Welcome back to Human Capital and congrats on making it through one of the hardest weeks of the longest year.
Now that the Associated Press has called the election in favor of Joe Biden, it should be good news for DEI practitioners, who expressed some worry they’d be out of a job if Trump was allowed to continue on his path of destruction.
Meanwhile, over in California, the Uber and Lyft-backed gig worker ballot measure, Prop 22, passed. We’ll get into what that all means and the implications moving forward.
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Gig workers will continue being independent contractors in CA
As y’all may have seen by now, the Uber and Lyft-backed gig worker measure, Proposition 22, passed in California.
The current count is 58.4% in favor of Prop 22 and 41.6% in opposition. Below, you can see how mostly counties in Northern California along the coast drove the opposition.
That means gig workers will continue to be classified as independent contractors in the state. It also essentially makes these gig companies exempt from AB-5, the gig worker bill that went into law at the beginning of the year. Lastly, it means we can expect these gig companies, which spent $205 million on the ballot measure, to seek similar legislation in other states.
“To get Prop 22 passed, gig companies — which have yet to turn a profit — spent a historic $205 million on their campaign, effectively creating a political template for future anti-democratic, corporate law-making,” Meredith Whittaker, co-founder of AI Now Institute and Veena Dubal, professor of law at the University of California, Hastings, wrote.
On Uber’s earnings call this week, Uber CEO Dara Khosrowshahi said the company would “more loudly advocate for laws like Prop 22” throughout the U.S. and worldwide.
Meanwhile, labor groups are already planning their next steps forward. Partnerships for Working Families, for example, is considering potentially lobbying the hopeful Biden administration’s Department of Labor for better federal laws for worker classification, according to Cal Matters. Other options entail suing for issues around worker’s compensation requirements or the ⅞ supermajority needed to amend Prop 22.
Below are statements issued over the past couple of days from interested parties.
Uber CEO Dara Khosrowshahi to drivers: “With this vote, drivers and delivery people will get what so many of you have been asking for: access to benefits and protections, while maintaining the flexibility and independence you want and deserve.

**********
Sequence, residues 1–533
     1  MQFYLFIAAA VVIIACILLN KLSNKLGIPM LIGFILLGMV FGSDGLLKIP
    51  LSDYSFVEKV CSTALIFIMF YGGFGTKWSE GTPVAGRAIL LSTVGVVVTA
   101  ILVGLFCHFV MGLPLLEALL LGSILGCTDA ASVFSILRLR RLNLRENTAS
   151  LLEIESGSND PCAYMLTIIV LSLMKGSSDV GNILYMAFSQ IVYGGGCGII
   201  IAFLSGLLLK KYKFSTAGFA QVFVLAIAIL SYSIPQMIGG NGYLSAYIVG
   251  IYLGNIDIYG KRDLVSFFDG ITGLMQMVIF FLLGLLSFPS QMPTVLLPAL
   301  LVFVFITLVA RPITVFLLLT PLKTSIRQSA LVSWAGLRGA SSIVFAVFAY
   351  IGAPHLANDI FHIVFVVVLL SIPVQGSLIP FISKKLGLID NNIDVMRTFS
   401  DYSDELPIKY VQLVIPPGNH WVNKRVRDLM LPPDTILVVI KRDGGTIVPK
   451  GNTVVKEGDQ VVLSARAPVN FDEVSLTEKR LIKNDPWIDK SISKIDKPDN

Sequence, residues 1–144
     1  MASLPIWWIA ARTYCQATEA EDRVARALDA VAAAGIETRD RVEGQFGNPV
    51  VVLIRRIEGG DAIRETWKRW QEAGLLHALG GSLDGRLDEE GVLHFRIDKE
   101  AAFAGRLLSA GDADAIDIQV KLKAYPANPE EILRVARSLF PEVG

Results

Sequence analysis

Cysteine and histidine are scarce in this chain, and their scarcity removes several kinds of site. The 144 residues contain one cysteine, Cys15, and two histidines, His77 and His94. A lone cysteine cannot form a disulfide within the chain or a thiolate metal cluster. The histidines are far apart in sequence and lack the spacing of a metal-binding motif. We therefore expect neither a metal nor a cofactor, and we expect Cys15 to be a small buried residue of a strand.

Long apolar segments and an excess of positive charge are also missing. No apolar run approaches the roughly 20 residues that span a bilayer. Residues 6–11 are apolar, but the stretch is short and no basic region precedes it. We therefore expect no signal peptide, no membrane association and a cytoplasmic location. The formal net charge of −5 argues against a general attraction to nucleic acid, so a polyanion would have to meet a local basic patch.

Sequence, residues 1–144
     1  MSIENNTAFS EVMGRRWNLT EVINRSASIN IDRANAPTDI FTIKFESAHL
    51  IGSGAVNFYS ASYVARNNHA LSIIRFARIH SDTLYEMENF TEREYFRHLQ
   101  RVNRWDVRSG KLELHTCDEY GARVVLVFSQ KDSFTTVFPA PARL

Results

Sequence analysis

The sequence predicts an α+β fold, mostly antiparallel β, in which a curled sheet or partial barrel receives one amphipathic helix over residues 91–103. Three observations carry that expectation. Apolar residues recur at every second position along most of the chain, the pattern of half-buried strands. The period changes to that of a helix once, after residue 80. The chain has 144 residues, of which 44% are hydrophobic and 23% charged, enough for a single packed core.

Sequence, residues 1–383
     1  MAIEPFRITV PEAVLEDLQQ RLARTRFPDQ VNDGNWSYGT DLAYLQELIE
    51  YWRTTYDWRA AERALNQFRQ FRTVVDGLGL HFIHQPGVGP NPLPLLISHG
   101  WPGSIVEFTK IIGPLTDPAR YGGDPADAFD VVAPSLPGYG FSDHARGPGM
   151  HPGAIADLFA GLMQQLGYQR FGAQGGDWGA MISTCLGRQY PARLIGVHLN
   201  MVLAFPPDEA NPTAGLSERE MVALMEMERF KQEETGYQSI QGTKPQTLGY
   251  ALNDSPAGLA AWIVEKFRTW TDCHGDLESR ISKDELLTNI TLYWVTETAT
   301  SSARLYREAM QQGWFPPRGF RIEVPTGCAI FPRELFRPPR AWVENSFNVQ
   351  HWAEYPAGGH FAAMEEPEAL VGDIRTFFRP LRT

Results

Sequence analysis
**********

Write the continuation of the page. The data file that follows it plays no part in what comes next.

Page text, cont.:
The future of independent work is more secure because so many drivers like you spoke up and made your voice heard—and voters across the state listened.”
Lyft Chief Policy Officer Anthony Foxx: “California voters have spoken, and they stood with more than a million drivers who clearly said they want independence plus benefits. Prop 22 is now the first law in the nation requiring health, disability and earnings benefits for gig workers. Lyft stands ready to work with all interested parties, including drivers, labor unions and policymakers, to build a stronger safety net for gig workers in the U.S.”
DoorDash CEO Tony Xu: Passing Prop 22 is a big win for Dashers, merchants, customers, and communities. Californians sided with drivers, recognizing the importance of flexible work and the critical need to extend new benefits and protections to drivers like Dashers
Gig Workers Rising: “Billionaire corporations just hijacked the ballot measure system in California by spending millions to mislead voters. The victory of Prop 22, the most expensive ballot measure in U.S. history, is a loss for our democracy that could open the door to other attempts by corporations to write their own laws.”
Gig Workers Collective: “Our organizing has always been untraditional since we aren’t classified as employees and don’t have the legal protections to organize or unionize, but we still found a way to build worker power and fight back. We’re disappointed in tonight’s outcome, especially because this campaign’s success is based on lies and fear-mongering. Companies shouldn’t be able to buy elections. But we’re still dedicated to our cause and ready to continue our fight.”
DEI professionals hope for a Biden administration
Uber Chief Diversity Officer Bo Young Lee said on Twitter that for many DEI professionals, “the results of the election will impact how we do our jobs and may even impact if we have jobs in the long term.”
Now that Biden is the presumptive president, the change in the administration will likely mean a change in the executive order banning types of diversity training for federal contractors.
Late last month, three civil rights groups filed a federal class-action lawsuit challenging the Trump administration’s execute order. That suit came after Microsoft disclosed that the U.S. Department of Labor Office of Federal Contract Compliance Programs contacted the company regarding its racial justice and diversity commitments made in June.
Shine app founder talks mental health for Black people and people of color
On this week’s episode of Mixtape, we spoke with Shine app founder Marah Lidey about mental health. We spoke about the psychological and physiological manifestations of racism, the adverse effects of 2020 and how Black death isn’t new, but it’s finally getting global attention.
“Nothing necessarily new is happening with Black people dying in the streets,” Lidey said. “[Black people] all know that. But when all of your friends and co-workers become aware in this very new way and want to understand and want to share and want to ask you questions and you’re watching this play out at this national level and you’re bombarded at the global level, right I mean, this is in our DNA. Our cells were in the cells of those people who were enslaved.”’
You can check out the full conversation here.